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I have been advised to run General Additive Models to be able to describe trends in my data, my data being animal harvest numbers by year. I have done so, but have a problem with interpreting the model output. Hopefully it will be sufficient to show you parts of my script, and then three of my graphs with corresponding model output.

The synthax below, fitting both a linear and a nonlinear component:

library(mgcv)
model1 <- gam(Tot~Year+s(Year),family=poisson,data=ds)
model2 <- gam(Tot~Year+s(Year),family=poisson,data=ls)
model3 <- gam(Tot~Year+s(Year),family=poisson,data=nw)

Then I get the summary output for the models:

summary(model1)
summary(model2)
summary(model3)

Then I group the data in 5-year periods, before generating the data for the plots:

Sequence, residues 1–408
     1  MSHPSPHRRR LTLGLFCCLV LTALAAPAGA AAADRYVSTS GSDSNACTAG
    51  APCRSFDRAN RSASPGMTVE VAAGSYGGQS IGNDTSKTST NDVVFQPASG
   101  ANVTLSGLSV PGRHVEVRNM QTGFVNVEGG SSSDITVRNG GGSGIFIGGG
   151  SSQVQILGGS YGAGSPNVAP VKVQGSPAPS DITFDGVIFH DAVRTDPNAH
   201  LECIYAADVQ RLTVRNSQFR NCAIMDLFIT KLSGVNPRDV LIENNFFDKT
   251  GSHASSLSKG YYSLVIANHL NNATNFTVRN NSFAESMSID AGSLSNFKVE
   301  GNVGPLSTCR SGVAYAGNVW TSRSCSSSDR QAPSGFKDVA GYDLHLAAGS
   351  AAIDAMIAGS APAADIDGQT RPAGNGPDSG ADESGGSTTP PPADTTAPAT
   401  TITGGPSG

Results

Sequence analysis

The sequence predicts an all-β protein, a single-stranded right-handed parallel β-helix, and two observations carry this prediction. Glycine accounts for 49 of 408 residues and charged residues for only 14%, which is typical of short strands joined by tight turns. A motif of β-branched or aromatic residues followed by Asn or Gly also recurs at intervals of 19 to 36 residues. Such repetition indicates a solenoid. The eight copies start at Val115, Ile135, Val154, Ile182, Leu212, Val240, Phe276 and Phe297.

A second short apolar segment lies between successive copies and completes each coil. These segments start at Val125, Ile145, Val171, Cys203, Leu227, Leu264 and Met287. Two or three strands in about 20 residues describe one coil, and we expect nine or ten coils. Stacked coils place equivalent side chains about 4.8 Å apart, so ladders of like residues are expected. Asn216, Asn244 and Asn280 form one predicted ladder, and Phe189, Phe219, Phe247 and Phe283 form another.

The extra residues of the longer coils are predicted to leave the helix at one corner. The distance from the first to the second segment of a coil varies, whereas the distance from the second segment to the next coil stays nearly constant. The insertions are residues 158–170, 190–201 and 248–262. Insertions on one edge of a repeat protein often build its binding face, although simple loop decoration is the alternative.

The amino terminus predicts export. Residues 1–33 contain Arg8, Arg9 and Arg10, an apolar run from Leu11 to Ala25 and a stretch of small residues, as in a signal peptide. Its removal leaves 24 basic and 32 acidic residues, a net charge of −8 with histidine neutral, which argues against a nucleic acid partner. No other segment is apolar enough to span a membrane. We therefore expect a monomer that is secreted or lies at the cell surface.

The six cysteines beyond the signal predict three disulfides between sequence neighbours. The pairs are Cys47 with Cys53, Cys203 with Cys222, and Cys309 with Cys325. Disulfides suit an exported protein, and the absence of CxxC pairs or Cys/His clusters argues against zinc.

YearP=seq(1975,2015,by=5)
model1.pred=predict(model1,newdata=data.frame(Year=YearP),type="response",se.fit=T)
model2.pred=predict(model2,newdata=data.frame(Year=YearP),type="response",se.fit=T)
model3.pred=predict(model3,newdata=data.frame(Year=YearP),type="response",se.fit=T)

I graph the three models in the similar manner, showing both the data and the model output:

library(gplots)
plotCI(x=YearP, y=model1.pred$fit,uiw=2*model1.pred$se.fit,
    col="red",lwd=3,cex=1.2,las=1, 
    xlab="", ylab="Observed and fitted numbers")
points(ds$Year,ds$Tot,pch=19,cex=0.9)
text(1975,60,label="GRAPH 1",cex=1.4,adj=0)

Here's my three graphs xlab is years and ylab is "observed and fitted numbers", the data are the black dots and the model predictions are the red bars:

enter image description here

And here are the outputs for the three models:

enter image description here

I am trying to use the best method possible to explain my data, and I believe this is it. I have tried to google this, and I have read the relevant answers at CrossValidated, but have yet to find explanations that make sense to me. I need someone to tell me what the output means.

I specifically need help to understand the estimate of the parametric coefficient and the p-value, what do they tell me? E.g. in graph 1 there is obviously an increase, and in graph 3 a decrease, but coefficient estimates for both are positive. This is difficult to understand.